Ex-lovers in dispute over alleged movement of horses worth up to €4.5m
Corut granted temporary injunctions preventing animals being sold or moved out of Ireland
On Thursday, Ms Justice Leonie Reynolds granted temporary injunctions preventing the horses being sold or moved out of Ireland. Photograph: iStock
A Mexican businessman and his company have brought a High Court action against parties, including his former lover, over allegedly moving two valuable horses to Ireland without his permission.
The horses, said to be worth up to €4.5m, are a grey stallion called ‘Milton’, pre-selected to represent Belgium in the 2021 Olympic Games, and a gelding named ‘Diego’, expected to compete in the next European Championships.
On Thursday, Ms Justice Leonie Reynolds granted temporary injunctions preventing the horses being sold or moved out of Ireland.
The action is by Italian-based Mexican businessman and horse rider, Jose Alfredo Hernandez Ortega, and his Panama registered company Leeston Enterprises SA, which owns the horses.
The proceedings are against Mr Ortega’s former partner, Martina Romagnoli, whom the court heard owns and operates a stud in Haras de Ligny in Belgium and also keeps horses in Co Waterford.
The action is against several other defendants, including XCE Heritage Ltd; Heritage of Tomorrow Ltd; Of Heritage Stud Ltd; REI of Heritage Ltd; Future of Heritage Ltd with registered addresses in Bunmahon, Co Waterford, all of which Ms Romagnoli is the sole director.
It is alleged Ms Romagnoli, an Italian national, uses the companies to operate a business called Bunmahon Sporthouse Stud and Insemination Centre.
The proceedings are also against Richard Fitzgerald and his company, Ballinasisla Stud Ltd. It is alleged Mr Fitzgerald is also secretary of Ms Romagnoli’s Irish registered companies.
Seeking the orders, Bernard Dunleavy SC, instructed by solicitor Michael Kavanagh of LK Shields, said the combined worth of the two horses is estimated to be €4m to €4.5m.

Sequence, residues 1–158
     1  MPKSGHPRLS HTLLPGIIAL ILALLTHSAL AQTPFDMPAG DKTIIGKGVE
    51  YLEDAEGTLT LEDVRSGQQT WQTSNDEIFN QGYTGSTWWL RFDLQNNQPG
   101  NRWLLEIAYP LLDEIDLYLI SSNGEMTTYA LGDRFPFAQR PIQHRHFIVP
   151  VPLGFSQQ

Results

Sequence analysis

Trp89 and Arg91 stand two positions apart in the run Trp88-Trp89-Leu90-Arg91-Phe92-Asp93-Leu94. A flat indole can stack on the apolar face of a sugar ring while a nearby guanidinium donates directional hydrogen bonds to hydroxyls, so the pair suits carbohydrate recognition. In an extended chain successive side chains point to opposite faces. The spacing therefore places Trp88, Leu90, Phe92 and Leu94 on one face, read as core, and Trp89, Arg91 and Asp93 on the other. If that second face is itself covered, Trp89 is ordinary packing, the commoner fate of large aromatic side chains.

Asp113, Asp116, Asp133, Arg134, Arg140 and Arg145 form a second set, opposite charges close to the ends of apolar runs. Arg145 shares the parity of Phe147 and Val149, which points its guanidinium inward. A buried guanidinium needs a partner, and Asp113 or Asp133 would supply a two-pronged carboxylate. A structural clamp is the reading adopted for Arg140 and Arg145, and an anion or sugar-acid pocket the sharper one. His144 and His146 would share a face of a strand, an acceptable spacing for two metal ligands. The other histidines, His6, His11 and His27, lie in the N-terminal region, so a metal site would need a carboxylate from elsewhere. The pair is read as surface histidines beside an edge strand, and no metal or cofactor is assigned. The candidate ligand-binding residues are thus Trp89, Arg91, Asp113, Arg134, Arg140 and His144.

Counsel said Mr Ortega had left several horses temporarily at Ms Romagnoli’s stud in Belgium where he had been staying following a serious accident so as to be near their son.
He said she asked him to leave, because, given their personal history, being in proximity to each other proved stressful.
He said the horses remained at the stud and he paid for their upkeep and made arrangements for somebody else to train them.
He claims, in recent weeks, the horses were removed from the Belgian stud by Ms Romagnoli.
Two were moved to Ireland, while attempts were made to sell two others in Belgium without Mr Ortega’s consent, it is claimed.
The whereabouts of three other horses which he claims he owns and were at the stud remains unknown, the court heard.
He is not certain where in Ireland the horses are but Ms Romognoli and Mr Fitzgerald had been offering Milton’s semen to inseminate mares for sale at the stud in Co Waterford, the court was told.
This was also without Mr Ortega’s consent, counsel said.
Counsel said the two horses allegedly sent to Ireland with a view to putting them beyond Mr Ortega’s reach were due to be ridden in international competitions by showjumper Jerome Guery.
If Mr Guery, the number 35 ranked rider in the world, cannot train on Milton, he will not be able to participate in the Tokyo Olympics, counsel said.
Ms Romagnoli has asserted an interest in the horses, but no proof of ownership has been provided to his client’s lawyers, he added.
As a result it was decided to seek orders from the Irish courts.
Interim injunctions were granted, on an ex-parte basis, by Ms Justice Reynolds preventing the horses being moved or sold and requiring the defendants to detain and preserve any sample of semen, and the proceeds of any such samples, taken from Milton.
The defendants must also tell the applicants where the horses, or any samples of semen taken from Milton, are located.
The defendants are also restrained from inseminating any other horse with Milton’s semen.
Counsel said, at a later stage of the proceedings, his client will seek orders including directing the two horses be handed over to him.
The judge said, based on the evidence before the court, an arguable case was made out for the temporary injunctions.
The matter will return before the court next week.